Merck & Co., ordered last week to pay $253 million in damages to the family of a former Vioxx user, is likely to face much of the same evidence in the next case over the painkiller, the plaintiff’s lawyer said.
“I’m not sure the evidence is going to differ greatly,” said Chris Seeger, who will represent former Marine Frederick M. Humeston in a trial slated to begin in Atlantic City Sept. 12. ‘’The evidence is there. There are very compelling documents.” Humeston blames Vioxx for his 2001 heart attack.
A state court jury in Angleton, Texas, on Aug. 19 ordered Merck to pay damages to the family of Robert Ernst, a 59-year-old marathoner who died in 2001 after taking Vioxx for eight months. Merck plans to appeal and says it will fight each case filed against it. Seeger, of the New York law firm Seeger Weiss, declined to say how much he will seek in damages.
“I don’t have an expectation of a $200 million verdict,” Seeger, who represents more than 500 Vioxx users, said. ‘’I expect justice for my client.”
The Texas verdict probably will be cut to $26.1 million because of that state’s cap on punitive damages, lawyers say. New Jersey limits punitive damages to five times compensatory damages, or $350,000, whichever is greater, according to the American Tort Reform Association’s website.
Merck shares rose 25 cents to $27.83 in New York Stock Exchange trading after falling for four straight sessions.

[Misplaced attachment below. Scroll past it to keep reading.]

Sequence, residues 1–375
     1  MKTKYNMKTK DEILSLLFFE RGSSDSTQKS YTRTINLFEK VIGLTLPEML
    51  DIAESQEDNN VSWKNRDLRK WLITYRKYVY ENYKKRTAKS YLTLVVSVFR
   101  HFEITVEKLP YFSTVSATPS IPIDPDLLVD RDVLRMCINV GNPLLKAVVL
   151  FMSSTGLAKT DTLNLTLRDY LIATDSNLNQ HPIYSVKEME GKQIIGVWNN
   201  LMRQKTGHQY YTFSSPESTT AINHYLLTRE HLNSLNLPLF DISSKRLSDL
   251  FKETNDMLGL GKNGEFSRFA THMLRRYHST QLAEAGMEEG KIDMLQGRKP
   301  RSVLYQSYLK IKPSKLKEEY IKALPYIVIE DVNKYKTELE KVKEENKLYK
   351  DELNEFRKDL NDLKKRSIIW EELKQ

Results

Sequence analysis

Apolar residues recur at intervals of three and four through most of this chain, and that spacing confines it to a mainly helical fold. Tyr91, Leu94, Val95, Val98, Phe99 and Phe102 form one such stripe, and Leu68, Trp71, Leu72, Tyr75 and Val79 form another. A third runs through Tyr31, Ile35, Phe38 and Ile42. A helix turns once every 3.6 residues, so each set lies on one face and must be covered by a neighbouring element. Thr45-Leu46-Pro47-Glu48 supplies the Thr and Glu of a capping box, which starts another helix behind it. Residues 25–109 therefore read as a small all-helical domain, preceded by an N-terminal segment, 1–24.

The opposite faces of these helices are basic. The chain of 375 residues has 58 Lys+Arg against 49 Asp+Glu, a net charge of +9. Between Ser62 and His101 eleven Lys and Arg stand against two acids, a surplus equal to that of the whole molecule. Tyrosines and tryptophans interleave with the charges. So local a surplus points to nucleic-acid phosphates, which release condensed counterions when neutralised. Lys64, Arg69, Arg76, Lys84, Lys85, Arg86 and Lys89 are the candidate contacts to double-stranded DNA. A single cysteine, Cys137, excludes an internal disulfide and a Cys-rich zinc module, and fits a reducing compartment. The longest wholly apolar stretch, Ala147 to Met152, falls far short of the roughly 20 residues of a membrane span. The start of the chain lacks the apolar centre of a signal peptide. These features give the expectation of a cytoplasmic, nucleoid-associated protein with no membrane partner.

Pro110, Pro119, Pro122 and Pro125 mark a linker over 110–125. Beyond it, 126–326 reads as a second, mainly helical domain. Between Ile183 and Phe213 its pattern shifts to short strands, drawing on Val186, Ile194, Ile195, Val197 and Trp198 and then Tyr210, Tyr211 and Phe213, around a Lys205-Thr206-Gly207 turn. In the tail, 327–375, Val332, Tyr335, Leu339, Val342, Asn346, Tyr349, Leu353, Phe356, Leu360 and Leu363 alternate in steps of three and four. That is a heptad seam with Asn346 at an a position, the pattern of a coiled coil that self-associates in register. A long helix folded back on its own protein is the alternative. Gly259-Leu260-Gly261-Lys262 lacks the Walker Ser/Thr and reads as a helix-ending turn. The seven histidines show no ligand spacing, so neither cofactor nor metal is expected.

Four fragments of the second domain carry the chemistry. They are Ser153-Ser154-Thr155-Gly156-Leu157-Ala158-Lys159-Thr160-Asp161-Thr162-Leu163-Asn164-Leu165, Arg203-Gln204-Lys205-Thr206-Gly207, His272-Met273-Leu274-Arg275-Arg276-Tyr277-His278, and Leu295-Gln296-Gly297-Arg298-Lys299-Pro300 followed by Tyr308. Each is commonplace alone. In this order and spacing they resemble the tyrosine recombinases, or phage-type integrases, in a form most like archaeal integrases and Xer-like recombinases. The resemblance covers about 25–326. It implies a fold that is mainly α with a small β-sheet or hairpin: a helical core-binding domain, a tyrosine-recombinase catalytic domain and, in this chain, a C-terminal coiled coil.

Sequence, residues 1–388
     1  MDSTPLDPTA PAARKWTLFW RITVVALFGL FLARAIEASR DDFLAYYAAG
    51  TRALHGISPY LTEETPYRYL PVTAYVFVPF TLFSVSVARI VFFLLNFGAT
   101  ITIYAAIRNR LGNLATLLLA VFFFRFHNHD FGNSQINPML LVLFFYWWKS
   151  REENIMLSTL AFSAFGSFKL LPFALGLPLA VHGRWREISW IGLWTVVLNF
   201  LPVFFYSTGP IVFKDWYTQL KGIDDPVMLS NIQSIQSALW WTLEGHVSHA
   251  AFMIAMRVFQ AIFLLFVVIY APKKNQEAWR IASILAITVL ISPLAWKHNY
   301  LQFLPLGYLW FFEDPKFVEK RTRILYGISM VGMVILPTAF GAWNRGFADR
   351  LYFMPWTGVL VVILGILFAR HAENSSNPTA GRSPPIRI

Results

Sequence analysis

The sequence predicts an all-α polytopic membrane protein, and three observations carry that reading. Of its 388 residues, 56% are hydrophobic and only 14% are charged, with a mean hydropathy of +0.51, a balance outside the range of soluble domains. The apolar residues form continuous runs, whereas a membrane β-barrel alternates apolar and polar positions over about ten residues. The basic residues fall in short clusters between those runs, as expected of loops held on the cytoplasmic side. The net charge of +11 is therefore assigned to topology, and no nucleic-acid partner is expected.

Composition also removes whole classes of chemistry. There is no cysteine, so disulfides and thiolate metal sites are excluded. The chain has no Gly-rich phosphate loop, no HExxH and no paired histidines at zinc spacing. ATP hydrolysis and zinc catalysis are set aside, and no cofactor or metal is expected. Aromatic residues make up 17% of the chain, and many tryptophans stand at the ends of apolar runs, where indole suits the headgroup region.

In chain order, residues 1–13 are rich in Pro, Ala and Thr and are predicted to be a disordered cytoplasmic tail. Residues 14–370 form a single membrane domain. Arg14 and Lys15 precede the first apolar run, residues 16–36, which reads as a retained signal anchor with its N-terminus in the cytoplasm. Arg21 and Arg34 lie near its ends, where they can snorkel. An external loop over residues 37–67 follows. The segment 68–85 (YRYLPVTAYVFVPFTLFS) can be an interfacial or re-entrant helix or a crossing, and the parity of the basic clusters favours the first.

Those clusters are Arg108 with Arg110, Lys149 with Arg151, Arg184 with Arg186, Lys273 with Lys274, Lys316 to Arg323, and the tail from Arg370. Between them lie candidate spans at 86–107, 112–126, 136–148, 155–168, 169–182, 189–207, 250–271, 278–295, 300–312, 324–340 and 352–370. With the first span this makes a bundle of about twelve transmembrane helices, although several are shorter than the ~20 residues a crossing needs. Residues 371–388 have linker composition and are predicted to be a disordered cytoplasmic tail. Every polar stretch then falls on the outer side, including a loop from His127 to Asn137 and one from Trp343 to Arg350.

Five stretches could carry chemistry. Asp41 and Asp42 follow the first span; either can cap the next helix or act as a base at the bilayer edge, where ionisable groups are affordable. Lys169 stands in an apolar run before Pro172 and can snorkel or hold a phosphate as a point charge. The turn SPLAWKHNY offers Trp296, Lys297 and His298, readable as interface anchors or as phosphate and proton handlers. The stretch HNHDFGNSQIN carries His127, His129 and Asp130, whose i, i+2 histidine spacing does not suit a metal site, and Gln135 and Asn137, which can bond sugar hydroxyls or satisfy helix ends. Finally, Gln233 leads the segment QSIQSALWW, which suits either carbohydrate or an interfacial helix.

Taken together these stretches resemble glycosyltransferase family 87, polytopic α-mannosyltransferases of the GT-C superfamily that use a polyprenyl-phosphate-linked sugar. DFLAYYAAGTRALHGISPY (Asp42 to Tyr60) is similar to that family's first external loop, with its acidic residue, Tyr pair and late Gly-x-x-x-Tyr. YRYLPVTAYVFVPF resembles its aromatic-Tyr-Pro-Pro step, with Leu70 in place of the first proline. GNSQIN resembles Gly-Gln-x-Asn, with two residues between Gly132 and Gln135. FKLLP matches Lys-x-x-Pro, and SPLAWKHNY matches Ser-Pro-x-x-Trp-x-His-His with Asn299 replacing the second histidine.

Whitehouse Station, N.J.-based Merck withdrew Vioxx in September. The drug accounted for 11 percent of the company’s sales last year of $23 billion. Studies showed some users had a five times greater risk of heart attacks and strokes than those taking other painkillers.
An advisory panel with the Food and Drug Administration has determined that drugs in the same class as Vioxx, including Pfizer Inc.’s Celebrex and Bextra, all have increased heart risks. Pfizer suspended sales of Bextra and changed the label for Celebrex, the world’s best-selling arthritis medicine.
Merck argues that it disclosed the risks of heart attacks and strokes linked to Vioxx. The Texas verdict was “based on flawed evidence” and will probably be overturned, said James Fitzpatrick, a lawyer with New York law firm Hughes Hubbard & Reed who is representing Merck.
“We intend to present what we believe is strong evidence that Merck had no liability” over its handling of Vioxx, Fitzpatrick said in response to Seeger’s comments.
Mark Lanier, who represented Ernst’s widow in the Texas case, argued during the trial that Merck rushed Vioxx to market without proper testing and then played down the risks to boost sales. As evidence, Lanier introduced e-mails dating to 1997 in which Merck scientists expressed concerns about Vioxx’s heart risks, and training materials that encouraged salespeople to dodge doctors’ questions about the drug’s safety.
Seeger yesterday contended that Merck stumbled under the direction of Ray Gilmartin, the first nonscientist to run the company. Gilmartin was replaced in May by Richard Clark.
“Where it’s marketing over science, you’re going to have a big hit and you’re going to have these problems,” he said.
Seeger said Merck’s links to New Jersey won’t give the company an advantage in the Atlantic City case.
“This is Merck’s home state, but New Jersey juries award verdicts against New Jersey companies all the time,” Seeger said. ‘’If you show them the evidence, they’ll do the right thing.”
Humeston says he took the drug for pain in his knees, one of which he injured in Vietnam. His lawsuit, one of about 2,200 pending before state Superior Court Judge Carol Higbee, alleges that Merck defectively designed Vioxx and failed to warn consumers about its cardiovascular risks.